STUNNING VICTORY FOR CZECH OPPONENTS OF U.S. RADAR BASE
For immediate release
Contact: Joanne Landy, Campaign for Peace and Democracy, email@example.com
NEW YORK, March 18, 2009
In a major setback for Pentagon plans to install a U.S. military radar base in the Czech Republic, the Czech government yesterday withdrew, at least for now (and possibly for good), its proposal to ratify an agreement on the base. Czech Prime Minister Mirek Topolanek halted the ratification process when it appeared that the Chamber of Deputies was likely to vote to reject the agreement. According to Jana Glivicka, a leader of the grassroots No Bases Initiative that has been active in opposing the radar for more than two years, this was a very significant retreat, since the radar has been promoted as one of the key accomplishments of the current government.
Two thirds of Czechs have consistently opposed the radar ever since it was first proposed in 2006. Anti-radar activists have repeatedly called for a referendum on the issue, but have been rebuffed. Meanwhile, in 2008 the Czech government signed the agreement with the United States to proceed with the installation of the radar, and the Czech Senate approved the accord. However the agreement could not be implemented until the Czech Chamber of Deputies ratified it. Thanks to the tireless activities of anti radar groups in the country, the No Bases Initiative and the Nonviolence Movement, popular opinion remained strongly mobilized against the radar. This public opposition culminated in a likely no vote in the Chamber.
The anti-radar movement has drawn support from around the world from people alarmed by the dangerous military escalation of the proposed European missile defense program of the Czech radar and its companion Interceptor missiles in Poland. In the United States, the Campaign for Peace and Democracy has since November 2007 supported the movement with public statements, letters published in The New York Times and The New York Review of Books, visits to the Czech Mission to the United Nations, demonstrations, a hunger strike, and, over the past weekend, an open letter to members of the Czech Chamber of Deputies signed by more than 550 people in less than 48 hours.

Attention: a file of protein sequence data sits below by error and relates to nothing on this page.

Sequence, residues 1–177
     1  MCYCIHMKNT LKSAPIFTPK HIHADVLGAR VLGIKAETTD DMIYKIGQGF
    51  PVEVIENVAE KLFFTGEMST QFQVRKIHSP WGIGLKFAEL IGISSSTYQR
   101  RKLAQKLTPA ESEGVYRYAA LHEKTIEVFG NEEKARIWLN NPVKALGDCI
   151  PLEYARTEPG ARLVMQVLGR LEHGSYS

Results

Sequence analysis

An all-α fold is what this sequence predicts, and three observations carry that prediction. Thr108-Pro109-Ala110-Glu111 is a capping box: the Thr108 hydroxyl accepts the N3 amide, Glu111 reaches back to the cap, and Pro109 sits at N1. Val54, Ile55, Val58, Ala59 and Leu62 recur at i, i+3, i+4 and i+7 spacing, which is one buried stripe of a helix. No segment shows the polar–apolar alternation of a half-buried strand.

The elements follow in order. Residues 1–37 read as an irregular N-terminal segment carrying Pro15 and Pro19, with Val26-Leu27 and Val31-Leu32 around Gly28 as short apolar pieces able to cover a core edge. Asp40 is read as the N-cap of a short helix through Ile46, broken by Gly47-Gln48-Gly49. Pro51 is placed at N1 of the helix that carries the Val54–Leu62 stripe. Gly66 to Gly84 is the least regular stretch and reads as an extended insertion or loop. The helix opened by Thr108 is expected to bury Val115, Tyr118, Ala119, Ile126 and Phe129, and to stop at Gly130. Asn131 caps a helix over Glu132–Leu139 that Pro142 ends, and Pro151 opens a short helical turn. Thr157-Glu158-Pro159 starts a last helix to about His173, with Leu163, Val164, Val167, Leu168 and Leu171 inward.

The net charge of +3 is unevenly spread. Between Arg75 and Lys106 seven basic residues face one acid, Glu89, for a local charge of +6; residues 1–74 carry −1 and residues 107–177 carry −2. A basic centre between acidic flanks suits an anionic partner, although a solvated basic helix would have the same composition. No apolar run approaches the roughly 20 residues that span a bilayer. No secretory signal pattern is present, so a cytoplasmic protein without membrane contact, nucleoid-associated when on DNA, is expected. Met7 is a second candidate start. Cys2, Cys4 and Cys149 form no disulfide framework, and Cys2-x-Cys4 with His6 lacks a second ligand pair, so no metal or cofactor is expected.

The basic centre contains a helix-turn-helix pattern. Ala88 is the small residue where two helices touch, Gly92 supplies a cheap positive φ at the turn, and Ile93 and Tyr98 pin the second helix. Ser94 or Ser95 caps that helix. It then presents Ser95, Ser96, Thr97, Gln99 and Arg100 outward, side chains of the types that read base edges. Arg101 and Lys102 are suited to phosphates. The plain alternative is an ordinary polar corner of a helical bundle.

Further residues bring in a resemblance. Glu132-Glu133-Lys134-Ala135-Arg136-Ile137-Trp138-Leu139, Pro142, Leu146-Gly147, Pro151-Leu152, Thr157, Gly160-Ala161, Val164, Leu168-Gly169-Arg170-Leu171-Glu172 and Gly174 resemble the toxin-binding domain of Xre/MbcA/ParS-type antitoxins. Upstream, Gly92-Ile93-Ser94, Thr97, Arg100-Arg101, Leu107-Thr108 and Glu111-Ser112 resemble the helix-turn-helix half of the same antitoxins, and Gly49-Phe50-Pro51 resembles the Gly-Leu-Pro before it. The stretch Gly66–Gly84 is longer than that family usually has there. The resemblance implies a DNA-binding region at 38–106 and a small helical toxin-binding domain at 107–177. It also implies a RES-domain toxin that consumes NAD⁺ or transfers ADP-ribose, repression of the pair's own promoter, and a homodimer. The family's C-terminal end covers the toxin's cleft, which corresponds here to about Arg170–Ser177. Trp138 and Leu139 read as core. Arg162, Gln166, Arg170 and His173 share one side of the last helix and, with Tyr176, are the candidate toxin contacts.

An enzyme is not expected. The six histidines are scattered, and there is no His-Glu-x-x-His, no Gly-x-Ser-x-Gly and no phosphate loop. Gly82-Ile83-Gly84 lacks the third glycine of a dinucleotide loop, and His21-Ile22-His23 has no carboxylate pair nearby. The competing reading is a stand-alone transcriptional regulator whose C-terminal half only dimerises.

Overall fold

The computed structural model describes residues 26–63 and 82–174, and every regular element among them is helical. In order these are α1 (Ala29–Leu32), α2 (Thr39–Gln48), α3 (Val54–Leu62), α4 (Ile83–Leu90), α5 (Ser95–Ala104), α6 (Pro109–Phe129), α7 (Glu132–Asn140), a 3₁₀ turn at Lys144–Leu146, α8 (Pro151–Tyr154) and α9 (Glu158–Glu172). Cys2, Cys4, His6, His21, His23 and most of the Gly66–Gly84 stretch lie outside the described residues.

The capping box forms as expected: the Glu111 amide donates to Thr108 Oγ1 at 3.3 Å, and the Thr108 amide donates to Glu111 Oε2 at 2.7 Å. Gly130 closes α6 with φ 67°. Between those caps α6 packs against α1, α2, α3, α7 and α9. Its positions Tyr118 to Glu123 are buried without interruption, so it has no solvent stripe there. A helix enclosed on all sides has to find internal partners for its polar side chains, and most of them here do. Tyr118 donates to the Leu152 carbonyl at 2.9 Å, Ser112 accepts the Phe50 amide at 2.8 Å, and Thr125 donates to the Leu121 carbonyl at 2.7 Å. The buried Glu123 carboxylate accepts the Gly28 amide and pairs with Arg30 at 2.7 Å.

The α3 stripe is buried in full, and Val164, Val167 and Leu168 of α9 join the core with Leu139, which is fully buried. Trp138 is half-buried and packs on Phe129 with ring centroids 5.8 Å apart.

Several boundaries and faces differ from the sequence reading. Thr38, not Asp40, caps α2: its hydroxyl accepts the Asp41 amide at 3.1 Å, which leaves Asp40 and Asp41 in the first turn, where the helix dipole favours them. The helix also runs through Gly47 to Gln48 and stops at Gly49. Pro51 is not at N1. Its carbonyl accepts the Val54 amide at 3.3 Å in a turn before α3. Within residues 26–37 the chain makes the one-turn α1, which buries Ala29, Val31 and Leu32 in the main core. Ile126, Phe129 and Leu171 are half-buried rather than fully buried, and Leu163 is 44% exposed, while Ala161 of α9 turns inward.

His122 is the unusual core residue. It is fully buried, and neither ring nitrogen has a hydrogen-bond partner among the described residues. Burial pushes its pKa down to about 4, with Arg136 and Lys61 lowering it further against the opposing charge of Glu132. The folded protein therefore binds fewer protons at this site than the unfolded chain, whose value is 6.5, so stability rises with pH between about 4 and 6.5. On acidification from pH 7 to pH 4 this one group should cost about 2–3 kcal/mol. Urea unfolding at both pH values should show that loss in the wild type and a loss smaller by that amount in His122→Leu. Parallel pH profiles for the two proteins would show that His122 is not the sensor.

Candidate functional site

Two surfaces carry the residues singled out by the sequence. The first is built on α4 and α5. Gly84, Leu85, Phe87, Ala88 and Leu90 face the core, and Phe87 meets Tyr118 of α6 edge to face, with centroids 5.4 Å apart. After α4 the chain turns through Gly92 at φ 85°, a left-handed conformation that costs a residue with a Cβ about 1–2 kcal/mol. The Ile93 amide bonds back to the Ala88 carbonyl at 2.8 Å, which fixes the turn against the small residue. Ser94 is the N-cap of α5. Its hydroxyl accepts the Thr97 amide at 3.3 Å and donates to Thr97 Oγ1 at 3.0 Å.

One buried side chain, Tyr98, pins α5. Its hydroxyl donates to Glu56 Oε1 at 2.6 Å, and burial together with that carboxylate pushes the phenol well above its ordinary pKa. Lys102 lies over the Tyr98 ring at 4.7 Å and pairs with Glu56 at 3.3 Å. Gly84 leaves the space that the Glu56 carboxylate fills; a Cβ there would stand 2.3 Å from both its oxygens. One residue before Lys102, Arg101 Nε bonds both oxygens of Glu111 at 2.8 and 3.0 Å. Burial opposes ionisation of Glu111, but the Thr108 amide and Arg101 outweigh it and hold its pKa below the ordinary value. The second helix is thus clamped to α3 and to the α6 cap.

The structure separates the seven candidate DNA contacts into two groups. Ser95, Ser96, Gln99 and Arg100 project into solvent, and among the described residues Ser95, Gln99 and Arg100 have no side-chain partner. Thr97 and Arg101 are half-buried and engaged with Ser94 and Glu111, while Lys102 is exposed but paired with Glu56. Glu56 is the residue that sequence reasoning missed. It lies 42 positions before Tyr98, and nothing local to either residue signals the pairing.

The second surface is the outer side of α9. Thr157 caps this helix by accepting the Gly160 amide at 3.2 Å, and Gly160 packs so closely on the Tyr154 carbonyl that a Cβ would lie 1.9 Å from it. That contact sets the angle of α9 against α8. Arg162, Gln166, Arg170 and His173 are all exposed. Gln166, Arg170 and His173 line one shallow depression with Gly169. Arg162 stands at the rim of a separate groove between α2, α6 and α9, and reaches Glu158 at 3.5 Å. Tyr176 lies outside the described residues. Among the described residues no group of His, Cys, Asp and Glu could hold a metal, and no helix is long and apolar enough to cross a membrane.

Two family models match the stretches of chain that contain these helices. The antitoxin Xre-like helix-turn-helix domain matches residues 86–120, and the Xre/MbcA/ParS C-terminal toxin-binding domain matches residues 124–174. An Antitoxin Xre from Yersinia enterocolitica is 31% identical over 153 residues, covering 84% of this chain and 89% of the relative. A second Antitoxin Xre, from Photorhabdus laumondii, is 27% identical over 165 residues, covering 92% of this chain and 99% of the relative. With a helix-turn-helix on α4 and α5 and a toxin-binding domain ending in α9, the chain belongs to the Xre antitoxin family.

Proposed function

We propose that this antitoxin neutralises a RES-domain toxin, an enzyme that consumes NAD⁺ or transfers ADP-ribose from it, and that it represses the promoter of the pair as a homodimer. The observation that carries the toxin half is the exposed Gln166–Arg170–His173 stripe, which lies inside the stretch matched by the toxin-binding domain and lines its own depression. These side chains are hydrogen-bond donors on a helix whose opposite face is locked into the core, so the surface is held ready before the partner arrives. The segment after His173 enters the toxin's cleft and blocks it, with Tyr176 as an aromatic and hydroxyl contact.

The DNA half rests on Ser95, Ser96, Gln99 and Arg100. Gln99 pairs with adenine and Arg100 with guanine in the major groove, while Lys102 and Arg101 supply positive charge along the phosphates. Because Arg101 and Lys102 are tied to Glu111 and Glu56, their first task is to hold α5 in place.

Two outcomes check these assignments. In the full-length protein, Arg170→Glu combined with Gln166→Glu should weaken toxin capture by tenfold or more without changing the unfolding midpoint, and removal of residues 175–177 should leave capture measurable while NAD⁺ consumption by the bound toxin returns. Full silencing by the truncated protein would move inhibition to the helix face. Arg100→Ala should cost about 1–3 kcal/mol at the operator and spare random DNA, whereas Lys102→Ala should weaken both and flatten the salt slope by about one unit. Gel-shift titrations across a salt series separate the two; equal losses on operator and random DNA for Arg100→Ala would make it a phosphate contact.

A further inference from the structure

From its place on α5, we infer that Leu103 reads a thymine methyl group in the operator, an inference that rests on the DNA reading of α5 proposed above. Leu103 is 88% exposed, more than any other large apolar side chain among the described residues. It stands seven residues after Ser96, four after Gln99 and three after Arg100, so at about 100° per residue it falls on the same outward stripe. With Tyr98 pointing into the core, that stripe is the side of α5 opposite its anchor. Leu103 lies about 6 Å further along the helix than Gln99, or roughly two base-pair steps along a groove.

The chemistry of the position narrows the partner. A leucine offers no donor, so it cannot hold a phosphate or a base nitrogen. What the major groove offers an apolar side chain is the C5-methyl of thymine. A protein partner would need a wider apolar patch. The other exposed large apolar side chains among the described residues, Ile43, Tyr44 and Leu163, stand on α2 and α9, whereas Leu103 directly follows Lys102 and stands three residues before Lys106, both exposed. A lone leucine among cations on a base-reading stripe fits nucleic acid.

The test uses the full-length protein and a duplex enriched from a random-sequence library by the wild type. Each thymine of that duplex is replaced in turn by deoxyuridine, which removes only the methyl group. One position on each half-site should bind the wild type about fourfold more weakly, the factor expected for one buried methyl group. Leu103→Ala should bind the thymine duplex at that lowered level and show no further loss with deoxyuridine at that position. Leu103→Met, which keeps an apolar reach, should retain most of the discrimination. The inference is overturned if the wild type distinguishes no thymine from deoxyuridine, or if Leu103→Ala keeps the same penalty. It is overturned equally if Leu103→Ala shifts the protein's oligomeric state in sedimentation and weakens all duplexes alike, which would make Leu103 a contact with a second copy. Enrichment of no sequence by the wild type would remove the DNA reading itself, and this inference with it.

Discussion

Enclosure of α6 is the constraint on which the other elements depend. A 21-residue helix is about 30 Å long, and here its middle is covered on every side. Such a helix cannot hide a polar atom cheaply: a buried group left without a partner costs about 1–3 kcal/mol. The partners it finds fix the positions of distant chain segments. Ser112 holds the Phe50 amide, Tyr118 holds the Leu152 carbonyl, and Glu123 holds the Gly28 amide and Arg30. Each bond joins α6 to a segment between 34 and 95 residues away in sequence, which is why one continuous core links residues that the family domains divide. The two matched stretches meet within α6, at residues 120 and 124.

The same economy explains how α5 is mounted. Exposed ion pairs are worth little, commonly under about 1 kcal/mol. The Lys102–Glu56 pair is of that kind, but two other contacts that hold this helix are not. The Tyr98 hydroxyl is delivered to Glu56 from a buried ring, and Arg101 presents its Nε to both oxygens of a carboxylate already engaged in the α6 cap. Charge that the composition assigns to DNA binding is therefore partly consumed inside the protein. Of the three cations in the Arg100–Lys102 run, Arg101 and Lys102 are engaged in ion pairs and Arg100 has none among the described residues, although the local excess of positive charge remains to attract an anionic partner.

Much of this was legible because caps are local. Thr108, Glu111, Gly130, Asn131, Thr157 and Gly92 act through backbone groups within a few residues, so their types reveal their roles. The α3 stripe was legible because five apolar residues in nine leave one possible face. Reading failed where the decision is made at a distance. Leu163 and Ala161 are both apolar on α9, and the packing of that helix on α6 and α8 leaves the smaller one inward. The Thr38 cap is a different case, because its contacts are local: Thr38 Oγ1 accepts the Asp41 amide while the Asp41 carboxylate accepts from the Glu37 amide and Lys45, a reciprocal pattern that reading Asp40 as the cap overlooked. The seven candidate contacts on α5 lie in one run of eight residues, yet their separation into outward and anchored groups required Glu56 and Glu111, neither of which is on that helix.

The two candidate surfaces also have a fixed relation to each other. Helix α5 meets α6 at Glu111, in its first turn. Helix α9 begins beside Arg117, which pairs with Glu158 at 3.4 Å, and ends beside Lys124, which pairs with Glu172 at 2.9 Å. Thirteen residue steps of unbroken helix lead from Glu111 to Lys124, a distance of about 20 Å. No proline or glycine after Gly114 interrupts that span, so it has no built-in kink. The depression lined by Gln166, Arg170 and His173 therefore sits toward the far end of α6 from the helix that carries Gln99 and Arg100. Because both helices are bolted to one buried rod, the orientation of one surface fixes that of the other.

The CPD open letter was sent on Monday March 16 to all 200 members of the Chamber of Deputies. A member of the Chamber planned to read the letter aloud from the floor of the Chamber if the ratification had come up for a vote, Signers included public figures such as Noam Chomsky, Katha Pollitt and Ariel Dorfman, and leaders of many major U.S. peace organizations. Most signatories were from the U.S., but there were some international signers including the Polish intellectual Adam Chmielewski, Iranian human rights activists, and a number of individuals from the United Kingdom, Japan and other countries. The text of the letter and list of signers are available at the CPD website, www.cpdweb.org
Czech Prime Minister Topolanek said that the government has not abandoned its plan for the radar. “This does not mean we would give up on the ratification process,” Topolanek said in a live television address. “We will return to this issue after talks with the U.S. administration and after the NATO summit in Strasbourg and Kehl.” (This information is from a Reuters story. Up until now there has been no significant U.S. media coverage of the withdrawal of the Czech government proposal.) It is by no means clear that the government will in fact reintroduce the radar for a vote after the NATO summit in early April. In any event, anti-radar activists in the Czech Republic and their international supporters are committed to continuing their campaign until such time as the proposal to install the radar is decisively and permanently withdrawn.
THE CAMPAIGN FOR PEACE AND DEMOCRACY (CPD) advocates a new, progressive and non-militaristic U.S. foreign policy — one that encourages democracy, justice and social change. Founded in 1982, the Campaign opposed the Cold War by promoting “detente from below.” It engaged Western peace activists in the defense of the rights of democratic dissidents in the Soviet Union and Eastern Europe, and enlisted East-bloc human rights activists against anti-democratic U.S. policies in countries like Nicaragua and Chile. The Campaign sees movements for peace, social justice and democratic rights, taken together, as the embryo of an alternative to great power politics and to the domination of society by privileged elites.